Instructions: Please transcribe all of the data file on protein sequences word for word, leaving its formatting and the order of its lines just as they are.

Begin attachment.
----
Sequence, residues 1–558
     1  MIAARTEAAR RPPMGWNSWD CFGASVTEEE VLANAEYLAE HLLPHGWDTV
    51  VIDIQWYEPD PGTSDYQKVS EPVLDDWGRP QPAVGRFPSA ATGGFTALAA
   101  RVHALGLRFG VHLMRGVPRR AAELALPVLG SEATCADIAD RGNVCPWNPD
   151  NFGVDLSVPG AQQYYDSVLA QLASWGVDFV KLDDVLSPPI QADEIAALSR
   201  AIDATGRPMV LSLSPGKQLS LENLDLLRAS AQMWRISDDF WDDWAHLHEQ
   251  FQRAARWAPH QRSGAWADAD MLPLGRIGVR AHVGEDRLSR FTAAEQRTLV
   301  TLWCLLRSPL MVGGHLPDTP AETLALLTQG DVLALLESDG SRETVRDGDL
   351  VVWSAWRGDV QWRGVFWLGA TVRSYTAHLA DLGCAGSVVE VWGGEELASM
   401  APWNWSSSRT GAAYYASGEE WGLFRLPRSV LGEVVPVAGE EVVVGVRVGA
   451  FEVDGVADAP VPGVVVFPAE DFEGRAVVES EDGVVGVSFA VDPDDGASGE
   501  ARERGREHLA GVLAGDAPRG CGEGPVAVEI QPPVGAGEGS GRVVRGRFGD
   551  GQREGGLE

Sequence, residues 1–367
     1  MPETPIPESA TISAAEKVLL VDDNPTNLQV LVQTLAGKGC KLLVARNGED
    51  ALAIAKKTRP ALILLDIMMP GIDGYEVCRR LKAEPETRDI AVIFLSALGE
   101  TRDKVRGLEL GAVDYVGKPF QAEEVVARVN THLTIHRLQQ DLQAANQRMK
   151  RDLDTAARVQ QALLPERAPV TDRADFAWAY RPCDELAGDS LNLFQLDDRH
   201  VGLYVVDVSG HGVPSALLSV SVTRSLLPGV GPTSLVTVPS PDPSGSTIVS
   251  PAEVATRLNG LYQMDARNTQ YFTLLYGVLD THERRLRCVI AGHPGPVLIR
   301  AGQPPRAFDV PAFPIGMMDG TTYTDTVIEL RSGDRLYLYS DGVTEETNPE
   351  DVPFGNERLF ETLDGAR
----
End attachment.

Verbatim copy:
Sequence, residues 1–558
     1  MIAARTEAAR RPPMGWNSWD CFGASVTEEE VLANAEYLAE HLLPHGWDTV
    51  VIDIQWYEPD PGTSDYQKVS EPVLDDWGRP QPAVGRFPSA ATGGFTALAA
   101  RVHALGLRFG VHLMRGVPRR AAELALPVLG SEATCADIAD RGNVCPWNPD
   151  NFGVDLSVPG AQQYYDSVLA QLASWGVDFV KLDDVLSPPI QADEIAALSR
   201  AIDATGRPMV LSLSPGKQLS LENLDLLRAS AQMWRISDDF WDDWAHLHEQ
   251  FQRAARWAPH QRSGAWADAD MLPLGRIGVR AHVGEDRLSR FTAAEQRTLV
   301  TLWCLLRSPL MVGGHLPDTP AETLALLTQG DVLALLESDG SRETVRDGDL
   351  VVWSAWRGDV QWRGVFWLGA TVRSYTAHLA DLGCAGSVVE VWGGEELASM
   401  APWNWSSSRT GAAYYASGEE WGLFRLPRSV LGEVVPVAGE EVVVGVRVGA
   451  FEVDGVADAP VPGVVVFPAE DFEGRAVVES EDGVVGVSFA VDPDDGASGE
   501  ARERGREHLA GVLAGDAPRG CGEGPVAVEI QPPVGAGEGS GRVVRGRFGD
   551  GQREGGLE

Sequence, residues 1–367
     1  MPETPIPESA TISAAEKVLL VDDNPTNLQV LVQTLAGKGC KLLVARNGED
    51  ALAIAKKTRP ALILLDIMMP GIDGYEVCRR LKAEPETRDI AVIFLSALGE
   101  TRDKVRGLEL GAVDYVGKPF QAEEVVARVN THLTIHRLQQ DLQAANQRMK
   151  RDLDTAARVQ QALLPERAPV TDRADFAWAY RPCDELAGDS LNLFQLDDRH
   201  VGLYVVDVSG HGVPSALLSV SVTRSLLPGV GPTSLVTVPS PDPSGSTIVS
   251  PAEVATRLNG LYQMDARNTQ YFTLLYGVLD THERRLRCVI AGHPGPVLIR
   301  AGQPPRAFDV PAFPIGMMDG TTYTDTVIEL RSGDRLYLYS DGVTEETNPE
   351  DVPFGNERLF ETLDGAR